Fast reboot using kexec
Debian GNU/Linux and Ubuntu
kexec is a system call that enables you to load and boot into another kernel from the currently running kernel. kexec performs the function of the boot loader from within the kernel. The primary difference between a standard system boot and a kexec boot is that the hardware initialization normally performed by the BIOS or firmware (depending on architecture) is not performed during a kexec boot. This has the effect of reducing the time required for a reboot.
Make sure you have selected CONFIG_KEXEC=y when configuring the kernel. The CONFIG_KEXEC option enables the kexec system call.
How to use kexec
Using kexec consists of
(1) loading the kernel to be rebooted to into memory, and
(2) actually rebooting to the pre-loaded kernel.
To load a kernel, the syntax is as follows:
where kernel-image is the kernel file that you intend to reboot to.
Insert the command-line parameters that must be passed to the new kernel into command-line-options. Passing the exact contents of /proc/cmdline into command-line-options is the safest way to ensure that correct values are passed to the rebooting kernel. The optional initrd-image is the initrd image to be used during boot.
Note that on different distributions the contents of /proc/cmdline varies.
- Ubuntu Server
root=UUID=8850aec2-d10a-43b4-8c86-10c8d350a12e ro quiet splash
- Ubuntu 9.10 fresh installation, with GRUB2 and LVM configuration
BOOT_IMAGE=/vmlinuz-2.6.31-16-generic root=/dev/mapper/ubuntu-root ro quiet splash
Ubuntu 11.04, with GRUB2 and LVM
/proc/cmdline="root=/dev/mapper/ubuntu-root ro quiet splash vt.handoff=7"
- Debian GNU/Linux squeeze/sid with GRUB2
- Arch Linux x86_64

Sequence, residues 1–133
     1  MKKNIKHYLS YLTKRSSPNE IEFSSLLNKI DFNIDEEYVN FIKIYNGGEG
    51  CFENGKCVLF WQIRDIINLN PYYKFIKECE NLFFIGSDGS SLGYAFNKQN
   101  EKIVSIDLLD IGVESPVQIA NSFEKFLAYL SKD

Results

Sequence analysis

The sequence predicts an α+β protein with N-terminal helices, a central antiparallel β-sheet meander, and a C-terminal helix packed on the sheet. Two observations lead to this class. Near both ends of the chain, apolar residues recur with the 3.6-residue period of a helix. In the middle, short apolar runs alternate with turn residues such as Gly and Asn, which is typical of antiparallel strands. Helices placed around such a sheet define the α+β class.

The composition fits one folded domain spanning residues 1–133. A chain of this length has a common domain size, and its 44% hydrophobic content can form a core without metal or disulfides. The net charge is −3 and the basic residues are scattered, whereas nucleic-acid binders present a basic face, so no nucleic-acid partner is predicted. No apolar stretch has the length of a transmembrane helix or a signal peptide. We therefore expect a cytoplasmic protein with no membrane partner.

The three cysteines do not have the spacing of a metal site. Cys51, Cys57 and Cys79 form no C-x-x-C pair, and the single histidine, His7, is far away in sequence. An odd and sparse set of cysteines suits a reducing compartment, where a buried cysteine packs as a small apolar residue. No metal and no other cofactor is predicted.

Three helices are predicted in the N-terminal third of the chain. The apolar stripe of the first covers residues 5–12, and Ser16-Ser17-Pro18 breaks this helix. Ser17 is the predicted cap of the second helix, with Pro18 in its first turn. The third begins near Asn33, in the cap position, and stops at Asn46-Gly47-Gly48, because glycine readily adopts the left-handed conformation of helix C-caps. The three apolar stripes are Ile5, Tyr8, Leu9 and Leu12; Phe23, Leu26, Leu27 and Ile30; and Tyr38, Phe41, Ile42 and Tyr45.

It's also possible to invoke kexec without an option parameter. In that case, kexec loads the specified kernel and then invokes shutdown. If the shutdown scripts of your Linux distribution support kexec-based rebooting, they then call kexec -e just before actually rebooting the machine. That way, the machine does a clean shutdown including all shutdown scripts.
Benifits of kexec
Systems with high availability requirements and kernel developers who have to constantly reboot their systems will benefit most from kexec. Because kexec skips the most time-consuming parts of system reboot, namely the firmware stage, reboots are extremely quick and availability is increased.
For example, if the kernel image you want to reboot to is /boot/vmlinuz, the contents of /proc/cmdline is root=/dev/sda1, and the path to the initrd is /boot/initrd, then you would use the following command to load the kernel:
After this kernel is loaded, it can be booted to at any time using the command:
On Ubuntu Server
Assume that we installed the new 2.6.31-16-generic-pae kernel, currently running 2.6.31-15-generic-pae.
In a Terminal
Run kexec from
- ssh client, it froze and nothing can be done.
- pseudo console, background turn blue and freezes.
- X - the Desktop Environment or Window Manager desktop freezes (background may turn green) and you can't do anything until you see gdm (kdm, xdm or slim) again.
- The current running system will be shutdown. This involves terminating running processes, shutting down system services, writing back cache buffers to disk, deactivating swap, unmounting file systems, and performing a hardware reset
- Reboot into the pre-loaded kernel, bootloader stage will be skipped and it goes directly to the kernel stage.
In kernel stage, where the kernel takes control. It sets up the necessary data structures, probes the devices present on the system, loads the necessary device drivers, and initializes the devices. The last stage of the booting process involves user-level initialization. In this stage, the kernel checks the integrity of file systems, mounts file systems, sets up swap partitions (or swap files), starts system services, sets up system terminals, and sets up a whole lot of other things.
What has been skipped?
Bootloader stage is skipped. It consists of hardware stage, the firmware stage (BIOS), the first-level bootloader (MBR), and the second-level bootloader (GRUB/GRUB2). This will approximately save 5-10 seconds, it varies and depends on different hardware.